Column: Fielder signing exciting, but doesn't fix Tigers' problems
Jul 21, 2015 at 11:20 AM
With the stunning deal announced Tuesday that will bring former Milwaukee Brewers first baseman Prince Fielder to Detroit for a cool $214 million over nine years, the Tigers no doubt solidified their status as the “Mashers of the Midwest.”
Fielder, at age 27, is in the middle of his prime as a MVP-level power hitter. He has smashed 230 home runs and over 640 RBIs in six full seasons with the Brewers, which should fit well in a Tigers’ lineup that often lives and dies by the long ball. Shoot, with that production, Fielder would fit well in any lineup.
There was an ESPN commercial a few years back that proclaimed “chicks love the long ball.” I guess the Tigers will be full-fledged chick magnets this summer.
Big homer numbers are fun, but this is reality, not a fantasy baseball league. Sure, it’s fun to make an off-season splash that creates a tizzy among your fan base, but this deal surely seems like a panic move by Tigers’ general manager Dave Dombrowski after designated hitter Victor Martinez revealed his ACL injury last week and was lost for the season. It’s even more of a signal that it’s a last-gasp request from 82-year-old owner Mike Illich to try to produce a World Series champion in Detroit.
But after the initial glow of this mega-deal wears off, the Tigers really aren’t in a different situation than they were three days ago, or after the final out was recorded by Texas in the American League Championship Series in mid-October. Fielder’s deal doesn’t address any of the weaknesses the Tigers’ possess, such as a lack of speed in the lineup, full-time solutions at second and third base, and a fifth starter in the rotation.
If anything, Fielder’s new contract — which is the fourth largest in Major League Baseball history — creates more issues with the Tigers going forward. No. 1 has to be defense, especially since Fielder is now expected to take over first base for Detroit and will push the incumbent at the position, Miguel Cabrera, over to third base.
The last time that experiment took place in 2008, it was generally considered a disaster and set bad vibes from the beginning in what turned out to be a last-place season. Since then, Cabrera hasn’t exactly been a spokesman for Weight Watchers and an ideal defensive third baseman needs to be nimble on his feet. They don’t call it “the hot corner” for nothing.
The fact that Detroit is even considering the move could push its defense to the level of the last-place Chicago Cubs, who had 134 errors last year, the worst of any franchise.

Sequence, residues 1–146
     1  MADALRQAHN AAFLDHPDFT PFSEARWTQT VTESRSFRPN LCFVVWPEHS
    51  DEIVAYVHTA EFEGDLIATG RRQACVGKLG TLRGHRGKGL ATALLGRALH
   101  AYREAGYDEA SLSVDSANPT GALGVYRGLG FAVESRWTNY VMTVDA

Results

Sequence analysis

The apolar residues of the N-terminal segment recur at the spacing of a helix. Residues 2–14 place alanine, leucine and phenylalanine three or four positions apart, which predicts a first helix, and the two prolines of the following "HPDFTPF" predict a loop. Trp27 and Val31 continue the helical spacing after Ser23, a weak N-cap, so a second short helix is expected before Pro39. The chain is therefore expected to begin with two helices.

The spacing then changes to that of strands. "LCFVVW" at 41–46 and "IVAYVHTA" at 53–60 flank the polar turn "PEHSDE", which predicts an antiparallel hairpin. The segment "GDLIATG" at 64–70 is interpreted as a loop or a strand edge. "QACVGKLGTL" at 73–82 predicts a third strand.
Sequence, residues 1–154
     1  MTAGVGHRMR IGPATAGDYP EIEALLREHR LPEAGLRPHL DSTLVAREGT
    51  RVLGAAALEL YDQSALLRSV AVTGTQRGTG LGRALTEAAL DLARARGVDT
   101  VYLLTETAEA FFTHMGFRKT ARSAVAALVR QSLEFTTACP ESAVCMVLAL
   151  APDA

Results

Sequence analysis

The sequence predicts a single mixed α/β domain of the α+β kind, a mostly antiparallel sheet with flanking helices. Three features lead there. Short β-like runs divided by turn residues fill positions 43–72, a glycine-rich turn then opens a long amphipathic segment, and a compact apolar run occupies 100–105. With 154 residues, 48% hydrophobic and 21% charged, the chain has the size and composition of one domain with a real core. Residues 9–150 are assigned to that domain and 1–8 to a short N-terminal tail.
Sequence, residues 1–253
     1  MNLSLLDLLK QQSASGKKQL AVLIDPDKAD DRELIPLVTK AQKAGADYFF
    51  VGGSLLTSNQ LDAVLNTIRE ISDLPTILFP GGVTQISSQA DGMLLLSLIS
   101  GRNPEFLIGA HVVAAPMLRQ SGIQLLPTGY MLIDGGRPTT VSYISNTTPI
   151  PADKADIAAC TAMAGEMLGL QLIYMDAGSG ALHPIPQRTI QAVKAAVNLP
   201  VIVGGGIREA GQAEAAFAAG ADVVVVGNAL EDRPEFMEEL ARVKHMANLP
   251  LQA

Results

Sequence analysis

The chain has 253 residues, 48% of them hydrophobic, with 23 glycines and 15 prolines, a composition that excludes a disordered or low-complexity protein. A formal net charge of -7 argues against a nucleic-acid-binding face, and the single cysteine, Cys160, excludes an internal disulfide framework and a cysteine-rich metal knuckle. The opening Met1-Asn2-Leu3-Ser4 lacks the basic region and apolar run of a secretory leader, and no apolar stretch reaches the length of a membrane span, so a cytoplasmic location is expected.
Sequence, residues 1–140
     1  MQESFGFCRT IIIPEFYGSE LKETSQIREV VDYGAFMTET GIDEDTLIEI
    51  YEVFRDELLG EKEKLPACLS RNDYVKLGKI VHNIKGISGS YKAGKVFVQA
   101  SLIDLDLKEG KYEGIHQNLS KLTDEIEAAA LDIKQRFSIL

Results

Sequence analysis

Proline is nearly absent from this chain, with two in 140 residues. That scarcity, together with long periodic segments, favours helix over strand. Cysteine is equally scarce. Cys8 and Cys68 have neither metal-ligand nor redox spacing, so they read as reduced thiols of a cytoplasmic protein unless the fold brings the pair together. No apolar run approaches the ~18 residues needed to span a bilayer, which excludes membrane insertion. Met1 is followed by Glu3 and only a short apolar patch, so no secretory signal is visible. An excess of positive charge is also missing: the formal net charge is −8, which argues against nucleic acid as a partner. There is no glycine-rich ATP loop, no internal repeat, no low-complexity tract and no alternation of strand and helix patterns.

The next issue is speed in the lineup, which, with the addition of the 275-pound Fielder, isn’t going to get a shot in the arm anytime soon. They’ll be even poorer manufacturing runs on days when the homers dry up, an assumption aided by the fact they ranked last in the Majors last year with just 49 stolen bases.
If Detroit implies more of an all-or-nothing strategy at the plate — either homer or strikeout — it won’t be a winning formula. It’s especially risky come October in the playoffs, when the weather usually makes home run hitting more difficult and the pitching is locked in. It just barely worked against the Yankees in the ALDS, because Detroit fortunately had a bullpen that didn’t surrender a lead in a do-or-die Game 5.
Asking for that type of consistent dominance from the bullpen throughout next season may be asking too much.
Finally, an area that is often overlooked but is tremendously vital to a team’s success, is chemistry. How will Fielder mesh with new teammates? How will veterans such as Brandon Inge accept being confined to the bench or waived all together? How will they welcome another big ego who is now commanding over $20 million per season?
Without a doubt, it’s tremendously exciting to see that Detroit is dead serious on producing a World Series champion. As fans, that’s all you can ask for.
But the way the Tigers are attempting to do so — tying up the financial future of the franchise on three primary stars, and creating more questions about the intangibles that are so critical to championship clubs — is what casts a cautionary shadow on that excitement.